Emotional First Aid: What to do when feeling fear in the face of uncertainty
How to move from worry and fear to steady, open-hearted presence (especially when everything is uncertain)
How to go from fearful, anxious and worried to steady, open-hearted and present (even when everything is uncertain)
If the uncertainty of this global crisis has you feeling fearful, anxious, and worried, read on. This post is for you.
I want to shine a light on what’s going on beneath the surface for us when we get caught in a really fearful reaction to the uncertainty that we are so acutely aware of in times of crisis. And, I want to offer up two other paths that we can take instead that each leads us to a place of internal wisdom, open-heartedness, deep steadiness, and presence.
Uncertainty falls under the umbrella of what Mark Nepo calls “the terrible knowledge.”
Uncertainty – or, the fact that anything could happen to any of us at any time – is the reality in which we live. There are times when this is more obvious to us than others (like in a global pandemic) but whether we see it or not, it is always true.
So, the birthplace of our suffering – and our freedom – is in our relationship with uncertainty.
And this is good news – because while we can’t change the very nature of reality, we can change how we relate to this fact of life. We just need some skills and know-how and practice to do so.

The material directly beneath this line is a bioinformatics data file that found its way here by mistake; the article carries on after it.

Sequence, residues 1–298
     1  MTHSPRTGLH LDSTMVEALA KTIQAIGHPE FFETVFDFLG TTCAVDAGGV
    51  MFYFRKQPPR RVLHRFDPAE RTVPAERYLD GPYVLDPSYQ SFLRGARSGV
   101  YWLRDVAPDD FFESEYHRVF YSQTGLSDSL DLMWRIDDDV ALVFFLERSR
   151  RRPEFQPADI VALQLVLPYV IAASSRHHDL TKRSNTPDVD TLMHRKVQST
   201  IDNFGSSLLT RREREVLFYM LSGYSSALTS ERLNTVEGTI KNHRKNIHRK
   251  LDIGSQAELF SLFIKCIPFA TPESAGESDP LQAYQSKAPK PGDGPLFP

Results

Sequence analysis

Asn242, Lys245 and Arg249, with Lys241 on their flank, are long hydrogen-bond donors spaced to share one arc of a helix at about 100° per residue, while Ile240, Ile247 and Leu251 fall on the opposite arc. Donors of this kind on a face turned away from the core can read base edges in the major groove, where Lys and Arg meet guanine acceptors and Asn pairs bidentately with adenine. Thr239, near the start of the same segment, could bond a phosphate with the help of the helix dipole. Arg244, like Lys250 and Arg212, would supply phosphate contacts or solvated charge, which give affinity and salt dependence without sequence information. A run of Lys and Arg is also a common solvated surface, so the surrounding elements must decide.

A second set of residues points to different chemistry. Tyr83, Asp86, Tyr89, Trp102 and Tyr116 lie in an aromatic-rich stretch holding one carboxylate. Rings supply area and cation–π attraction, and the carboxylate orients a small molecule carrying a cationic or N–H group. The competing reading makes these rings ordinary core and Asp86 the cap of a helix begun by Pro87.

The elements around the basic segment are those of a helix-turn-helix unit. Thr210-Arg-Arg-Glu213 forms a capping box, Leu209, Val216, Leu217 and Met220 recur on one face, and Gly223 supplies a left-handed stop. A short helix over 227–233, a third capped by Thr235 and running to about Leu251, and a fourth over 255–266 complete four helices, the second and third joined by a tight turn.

I’ve heard the Buddhist teacher, Jack Kornfield, tell a story about something that happened one day many years ago when he was on a walk to town as a Buddhist monk with his teacher and fellow monks.
As they passed by a huge boulder, his teacher turned to the group of monks and asked, “Is that boulder heavy to us?” to which the students replied, “Why yes, master!”. His teacher smiled, and he said, “Not if we don’t pick it up!”.
So, one way we pick up the boulder of uncertainty is by looking through a lens called the negativity bias.
When we are caught in the negativity bias, as is so often our default as humans, we tend to see and remember things with a negative nature more than things with a positive nature.
The negativity bias is connected to our survival instinct. Spotting and remembering potential dangers or threats can serve us well when it comes to staying alive. It becomes problematic, however, when we have this lens on all the time, unaware that it is coloring all that we see with the big, black brushstrokes of impending doom.
We take on the negativity bias when we sense uncertainty, and our mind jumps to identify all of the terrible things that could happen. We then get hit with waves of deep fear and anticipated grief.
See, when we look through the lens of the negativity bias, we don’t see the whole picture.
In this week’s episode, Mark Nepo said that in the modern world, we have catastrophized our relationship to the unknown.